U Talk Family Frolics

I was asked if I wanted to join the uTalk challenge. I can’t resist a challenge!HelloEurotalk

In January our whole family took part in the uTalk challenge with Eurotalk

I learned some Urdu

My daughter some French.

My son some Polish

My hubby some Latin

So here’s how we got on.. (in our own words)

 

Sarah – was asked if I wanted to join the uTalk challenge. I can’t resist a challenge! Having heard Urdu around me for many years it was a language I’d been thinking of learning for a while and the challenge gave me the perfect reason to. January was a busy month so I did not have as much time as I’d have liked.

On the school playground there are many Urdu speakers who let me practice on them!

I played  Urdu with the u talk app daily and tried out what I’d learnt with others. I had a few comments about speaking very posh Urdu! I said Aap ka shukria – Thank you . They said just Shukria – thanks was fine.

I learned how to say Subah bakhair – good morning and Alwidah -goodbye.

I found learning my first non European language very tricky as I did not have any clues with words I knew! I did like that hello in Urdu is Hello and many foods are the same too.  I’ve a long way to go to fluency but could now identify a question and recognise some numbers colours and a few other random words.

I did not even start to look at script but I have a few words to greet people here in the UK simply by playing with an app. I’m happy with that.

 

Jasmin age 8

I wanted to learn French with Eurotalk to help with the French I’m learning at school. I found the talk now app easy to use. I felt like I learned a lot and it helps me as the app has a better French accent than my teacher at school.

 

Josh age 15

I enjoyed doing the uTalk Challenge as it helped me learn Polish which I used to to talk to a Polish guy at my school. I found it hard to do it all in one month as I didn’t have much spare time on my hands as I am doing my GCSEs this year and I am preparing for mock exams by doing revision and also having a lot of homework to do, as well as revision. The uTalk Challenge helped me learn some useful Polish phrases to greet people in Polish. After doing the uTalk Challenge I not only started speaking Polish, but also started talking and greeting people in other languages as well such as German and Arabic.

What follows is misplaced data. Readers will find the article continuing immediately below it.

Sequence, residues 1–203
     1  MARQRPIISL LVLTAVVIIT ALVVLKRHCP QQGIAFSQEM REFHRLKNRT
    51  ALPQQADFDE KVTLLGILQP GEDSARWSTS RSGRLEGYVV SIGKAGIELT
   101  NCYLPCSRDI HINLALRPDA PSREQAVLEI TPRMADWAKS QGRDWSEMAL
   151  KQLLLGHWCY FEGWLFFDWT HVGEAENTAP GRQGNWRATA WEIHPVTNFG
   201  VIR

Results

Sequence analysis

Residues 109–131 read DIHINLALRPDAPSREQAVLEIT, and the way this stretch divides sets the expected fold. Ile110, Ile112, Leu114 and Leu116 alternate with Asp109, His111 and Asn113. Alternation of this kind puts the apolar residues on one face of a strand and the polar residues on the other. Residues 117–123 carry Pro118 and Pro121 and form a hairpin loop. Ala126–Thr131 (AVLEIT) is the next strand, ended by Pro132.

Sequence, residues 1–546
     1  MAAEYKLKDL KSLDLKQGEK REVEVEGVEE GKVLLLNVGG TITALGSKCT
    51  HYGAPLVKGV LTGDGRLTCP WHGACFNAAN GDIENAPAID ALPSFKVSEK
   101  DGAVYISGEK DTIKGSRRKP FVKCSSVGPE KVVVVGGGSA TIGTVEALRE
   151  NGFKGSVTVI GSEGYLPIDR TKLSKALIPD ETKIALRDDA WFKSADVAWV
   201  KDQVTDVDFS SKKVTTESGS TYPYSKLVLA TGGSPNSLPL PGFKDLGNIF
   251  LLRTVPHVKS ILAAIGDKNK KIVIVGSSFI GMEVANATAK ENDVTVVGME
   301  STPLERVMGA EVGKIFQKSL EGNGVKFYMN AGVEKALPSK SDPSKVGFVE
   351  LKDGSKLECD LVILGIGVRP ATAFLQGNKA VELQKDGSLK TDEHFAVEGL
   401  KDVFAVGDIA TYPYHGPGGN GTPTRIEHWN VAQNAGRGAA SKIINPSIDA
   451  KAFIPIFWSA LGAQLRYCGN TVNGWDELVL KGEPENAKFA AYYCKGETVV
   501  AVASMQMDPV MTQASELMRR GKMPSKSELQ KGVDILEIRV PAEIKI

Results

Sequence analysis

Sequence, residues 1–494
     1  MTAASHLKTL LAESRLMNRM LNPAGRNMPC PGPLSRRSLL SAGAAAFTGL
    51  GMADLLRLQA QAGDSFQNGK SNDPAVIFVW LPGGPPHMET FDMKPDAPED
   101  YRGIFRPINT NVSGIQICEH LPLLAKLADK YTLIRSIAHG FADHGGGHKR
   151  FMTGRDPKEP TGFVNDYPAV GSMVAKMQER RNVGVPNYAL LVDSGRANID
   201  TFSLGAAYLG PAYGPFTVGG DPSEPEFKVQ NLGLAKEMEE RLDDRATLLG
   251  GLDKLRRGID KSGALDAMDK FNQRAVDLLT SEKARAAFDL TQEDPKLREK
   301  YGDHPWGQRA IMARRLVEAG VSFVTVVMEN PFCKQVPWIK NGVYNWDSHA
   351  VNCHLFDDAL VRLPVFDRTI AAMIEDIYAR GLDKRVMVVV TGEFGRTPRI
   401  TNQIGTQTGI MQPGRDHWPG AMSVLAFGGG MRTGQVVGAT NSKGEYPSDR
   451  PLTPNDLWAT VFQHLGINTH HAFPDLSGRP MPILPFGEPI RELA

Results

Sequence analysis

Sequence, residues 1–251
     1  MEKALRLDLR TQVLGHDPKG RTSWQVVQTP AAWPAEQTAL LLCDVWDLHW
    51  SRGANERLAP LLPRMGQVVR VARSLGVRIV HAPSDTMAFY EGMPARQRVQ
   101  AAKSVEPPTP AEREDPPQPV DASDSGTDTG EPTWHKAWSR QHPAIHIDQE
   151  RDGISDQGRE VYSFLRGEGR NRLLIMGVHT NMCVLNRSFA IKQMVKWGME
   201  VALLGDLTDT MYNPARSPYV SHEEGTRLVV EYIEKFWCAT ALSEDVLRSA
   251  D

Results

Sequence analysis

Maik age – better not mention that!

I guess I had to enter the uTalk challenge, as I couldn’t let my wife win …  But seriously, my Latin, which I spent five years learning all those years ago in school, had lain dormant for a good while. One thing I had found difficult, being a polyglot, was how differently Latin is taught compared to other languages. As it is supposedly a dead language, little emphasis is placed on speaking it. This is why I liked the Usborne “Latin for beginners” book, with which the uTalk challenge tied in rather nicely.
I did struggle with a lack of local native speakers though, who appear to be mainly resident in the Vatican. However, with uTalk taking the “Conversational Latin” approach, which I had only recently discovered myself, this way of getting to grips with the language worked really well in my existing multilingual framework and was great fun, and therefore easy to maintain. I’m not sure whether I will ever need to ask where I can park my car in Latin, but I am now in a position where for the first time I am starting to think in Latin rather than approaching it with the typical analytical mindset that tends to come HelloEurotalkwith reading a (supposedly) dead language.

What language learners can learn from actors